**Bubble sorting in Array in C Programming** is one of the slowest, if not the slowest, sorts. It is for this reason that its use is very rare and this algorithm remains much criticized. But why is it so slow? We evaluate the speed of a sorting algorithm by observing its number of comparisons / exchanges and thus establish a scale that we call complexity. Bubble sorting makes a lot of comparisons / exchanges for few values to sort. It is mathematically estimated that it averages n (n-1)/ 4 operations for n values to sort.

In the worst case, the complexity of bubble sorting in Array in C Programming is also in O (n²). The worst case is, of this sort, a list sorted in the opposite direction. The best case is a sorted list. If the algorithm is confronted with this case, its complexity improves in O (n), which means that it makes only n comparisons form values to be sorted (in reality, for reasons of intervals, it is n ‘in fact only n-1).

**Bubble sorting in Array** in C Programming is one of the worst sorts because of its high complexity which results in too long execution time. And yet, this method of sorting continues to be used and this, surely, for its originality. But you still need to know that it is relatively sufficient for small lists on a computer, I say relatively. From twenty elements, it is already better to use another more suitable sorting. You have to choose your algorithm according to your needs.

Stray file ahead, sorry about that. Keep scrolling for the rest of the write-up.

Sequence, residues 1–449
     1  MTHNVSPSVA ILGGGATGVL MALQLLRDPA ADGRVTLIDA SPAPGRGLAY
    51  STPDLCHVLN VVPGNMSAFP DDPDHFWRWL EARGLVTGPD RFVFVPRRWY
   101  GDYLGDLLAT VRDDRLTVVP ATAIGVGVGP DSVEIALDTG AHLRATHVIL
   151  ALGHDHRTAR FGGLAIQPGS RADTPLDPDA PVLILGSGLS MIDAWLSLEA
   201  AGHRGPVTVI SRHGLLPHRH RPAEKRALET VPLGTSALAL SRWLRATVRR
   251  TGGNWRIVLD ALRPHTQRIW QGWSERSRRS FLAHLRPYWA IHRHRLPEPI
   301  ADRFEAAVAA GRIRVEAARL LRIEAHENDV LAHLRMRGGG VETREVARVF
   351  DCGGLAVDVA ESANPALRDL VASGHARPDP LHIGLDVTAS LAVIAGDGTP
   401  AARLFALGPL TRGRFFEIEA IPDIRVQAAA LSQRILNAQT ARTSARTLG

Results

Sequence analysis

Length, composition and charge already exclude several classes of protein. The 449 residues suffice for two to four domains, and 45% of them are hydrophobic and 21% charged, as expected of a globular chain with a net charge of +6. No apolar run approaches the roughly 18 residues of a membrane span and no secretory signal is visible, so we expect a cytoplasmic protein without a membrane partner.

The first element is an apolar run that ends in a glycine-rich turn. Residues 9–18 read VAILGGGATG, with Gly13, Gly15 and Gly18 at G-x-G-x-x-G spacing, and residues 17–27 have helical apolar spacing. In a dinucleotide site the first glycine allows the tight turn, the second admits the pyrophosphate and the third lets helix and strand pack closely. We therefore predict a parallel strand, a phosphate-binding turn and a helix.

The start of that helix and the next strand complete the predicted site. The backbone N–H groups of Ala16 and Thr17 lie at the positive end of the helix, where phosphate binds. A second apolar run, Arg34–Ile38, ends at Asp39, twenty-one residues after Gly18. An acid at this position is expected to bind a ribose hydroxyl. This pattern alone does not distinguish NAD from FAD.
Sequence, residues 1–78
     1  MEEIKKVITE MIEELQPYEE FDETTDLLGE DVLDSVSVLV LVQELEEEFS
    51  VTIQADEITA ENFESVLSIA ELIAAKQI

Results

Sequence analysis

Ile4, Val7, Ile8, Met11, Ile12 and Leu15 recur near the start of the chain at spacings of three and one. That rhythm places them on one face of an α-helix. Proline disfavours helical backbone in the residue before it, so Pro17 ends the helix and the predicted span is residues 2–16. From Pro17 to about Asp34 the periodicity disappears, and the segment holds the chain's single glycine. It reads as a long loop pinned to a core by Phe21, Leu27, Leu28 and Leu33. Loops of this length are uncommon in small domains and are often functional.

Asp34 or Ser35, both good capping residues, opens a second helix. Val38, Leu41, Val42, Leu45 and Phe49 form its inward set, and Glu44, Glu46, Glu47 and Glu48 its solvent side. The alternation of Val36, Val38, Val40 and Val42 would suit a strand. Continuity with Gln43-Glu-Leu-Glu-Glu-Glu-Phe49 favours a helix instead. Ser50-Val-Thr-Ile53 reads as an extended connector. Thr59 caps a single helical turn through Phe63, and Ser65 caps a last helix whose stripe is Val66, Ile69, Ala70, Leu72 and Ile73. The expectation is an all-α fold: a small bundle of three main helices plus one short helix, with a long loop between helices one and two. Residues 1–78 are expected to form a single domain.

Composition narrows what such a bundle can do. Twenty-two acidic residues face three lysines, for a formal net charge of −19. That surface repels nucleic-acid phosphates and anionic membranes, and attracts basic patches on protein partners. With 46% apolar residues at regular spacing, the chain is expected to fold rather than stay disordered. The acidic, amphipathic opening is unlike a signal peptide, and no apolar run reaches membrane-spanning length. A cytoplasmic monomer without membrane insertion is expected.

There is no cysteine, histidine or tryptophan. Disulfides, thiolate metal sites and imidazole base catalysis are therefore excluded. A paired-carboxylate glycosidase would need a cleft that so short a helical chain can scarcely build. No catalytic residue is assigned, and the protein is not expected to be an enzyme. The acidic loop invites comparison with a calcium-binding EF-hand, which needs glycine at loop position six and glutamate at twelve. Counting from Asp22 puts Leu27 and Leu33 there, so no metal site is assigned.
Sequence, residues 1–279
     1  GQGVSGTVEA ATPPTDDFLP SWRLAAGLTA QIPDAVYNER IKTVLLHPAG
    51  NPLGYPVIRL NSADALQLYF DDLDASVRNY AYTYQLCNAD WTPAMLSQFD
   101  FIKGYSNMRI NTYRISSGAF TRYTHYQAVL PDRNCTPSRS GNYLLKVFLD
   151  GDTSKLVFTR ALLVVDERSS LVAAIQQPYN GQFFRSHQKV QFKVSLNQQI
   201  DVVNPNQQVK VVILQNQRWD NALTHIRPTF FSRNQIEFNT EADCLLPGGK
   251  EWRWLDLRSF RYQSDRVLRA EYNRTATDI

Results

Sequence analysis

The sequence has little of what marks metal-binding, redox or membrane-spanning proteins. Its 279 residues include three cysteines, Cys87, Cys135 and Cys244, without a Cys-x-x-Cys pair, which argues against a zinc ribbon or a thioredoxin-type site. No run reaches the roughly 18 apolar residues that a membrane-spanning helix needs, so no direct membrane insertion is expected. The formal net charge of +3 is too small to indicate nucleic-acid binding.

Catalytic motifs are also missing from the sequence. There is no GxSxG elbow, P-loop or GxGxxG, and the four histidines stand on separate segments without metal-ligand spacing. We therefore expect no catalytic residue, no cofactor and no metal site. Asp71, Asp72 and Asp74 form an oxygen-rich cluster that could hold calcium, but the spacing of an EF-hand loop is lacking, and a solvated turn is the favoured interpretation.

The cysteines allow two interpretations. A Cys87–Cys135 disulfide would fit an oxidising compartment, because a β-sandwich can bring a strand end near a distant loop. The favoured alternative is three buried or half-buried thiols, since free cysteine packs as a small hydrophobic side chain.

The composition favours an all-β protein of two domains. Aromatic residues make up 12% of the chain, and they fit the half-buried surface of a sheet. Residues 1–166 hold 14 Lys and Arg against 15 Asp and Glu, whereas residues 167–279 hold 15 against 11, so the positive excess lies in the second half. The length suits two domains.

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#include<stdio.h> #include<conio.h> void main() { int a[100],i,j,n,t; clrscr(); printf("enter how many value in array\n"); scanf("%d",&n); printf("Enter %d value \n",n); for(i=0;i<n;i++) scanf("%d",&a[i]); printf("Original List :\n"); for(i=0;i<n;i++) printf("%5d",a[i]); /* bubble sort logic */ for(i=1;i<n;i++) for(j=0;j<n-i;j++) if(a[j]>=a[j+1]) { t=a[j]; a[j]=a[j+1]; a[j+1]=t; } printf("\n\nSorted list :\n"); for(i=0;i<n;i++) printf("%5d",a[i]); getch(); } |